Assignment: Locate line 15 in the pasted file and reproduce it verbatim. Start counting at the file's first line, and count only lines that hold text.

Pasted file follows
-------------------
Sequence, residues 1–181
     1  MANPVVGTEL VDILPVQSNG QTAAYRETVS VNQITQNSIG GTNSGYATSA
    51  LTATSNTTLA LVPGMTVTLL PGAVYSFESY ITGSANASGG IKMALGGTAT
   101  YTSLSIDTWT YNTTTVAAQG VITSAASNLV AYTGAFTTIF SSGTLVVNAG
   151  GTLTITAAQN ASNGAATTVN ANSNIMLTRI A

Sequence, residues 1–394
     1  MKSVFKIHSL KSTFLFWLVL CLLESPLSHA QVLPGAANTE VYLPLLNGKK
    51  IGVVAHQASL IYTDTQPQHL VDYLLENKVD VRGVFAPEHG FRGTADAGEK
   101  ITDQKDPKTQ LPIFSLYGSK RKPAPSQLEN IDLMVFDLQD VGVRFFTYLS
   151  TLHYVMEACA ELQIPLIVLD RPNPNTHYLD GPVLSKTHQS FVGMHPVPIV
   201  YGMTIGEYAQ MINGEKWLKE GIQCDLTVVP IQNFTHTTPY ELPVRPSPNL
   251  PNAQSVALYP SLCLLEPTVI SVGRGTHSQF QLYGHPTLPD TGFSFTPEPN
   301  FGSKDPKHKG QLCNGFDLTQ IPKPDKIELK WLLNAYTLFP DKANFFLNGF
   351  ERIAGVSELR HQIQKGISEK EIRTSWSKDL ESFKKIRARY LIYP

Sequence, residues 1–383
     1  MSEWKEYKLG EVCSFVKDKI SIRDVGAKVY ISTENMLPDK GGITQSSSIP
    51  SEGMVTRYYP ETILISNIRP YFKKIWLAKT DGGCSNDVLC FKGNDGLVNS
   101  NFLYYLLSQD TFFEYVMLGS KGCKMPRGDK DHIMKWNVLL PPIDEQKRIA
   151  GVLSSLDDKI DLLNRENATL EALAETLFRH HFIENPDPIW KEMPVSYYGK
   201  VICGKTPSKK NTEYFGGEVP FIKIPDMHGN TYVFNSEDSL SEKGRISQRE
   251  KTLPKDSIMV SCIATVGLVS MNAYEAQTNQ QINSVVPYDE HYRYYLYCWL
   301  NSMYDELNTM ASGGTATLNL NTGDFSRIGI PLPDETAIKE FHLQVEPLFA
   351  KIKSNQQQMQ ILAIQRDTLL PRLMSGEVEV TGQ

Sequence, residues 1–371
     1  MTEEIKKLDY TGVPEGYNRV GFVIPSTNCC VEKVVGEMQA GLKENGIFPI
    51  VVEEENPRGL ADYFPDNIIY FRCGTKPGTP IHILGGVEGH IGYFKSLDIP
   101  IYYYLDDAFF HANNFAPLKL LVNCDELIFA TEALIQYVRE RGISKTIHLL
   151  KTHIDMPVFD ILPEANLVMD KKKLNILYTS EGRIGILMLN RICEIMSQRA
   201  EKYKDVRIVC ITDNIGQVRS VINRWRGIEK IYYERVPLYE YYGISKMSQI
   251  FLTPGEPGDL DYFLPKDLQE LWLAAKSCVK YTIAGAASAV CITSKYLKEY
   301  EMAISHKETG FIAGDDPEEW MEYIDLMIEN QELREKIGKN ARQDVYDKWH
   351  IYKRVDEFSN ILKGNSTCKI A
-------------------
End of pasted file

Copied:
Sequence, residues 1–383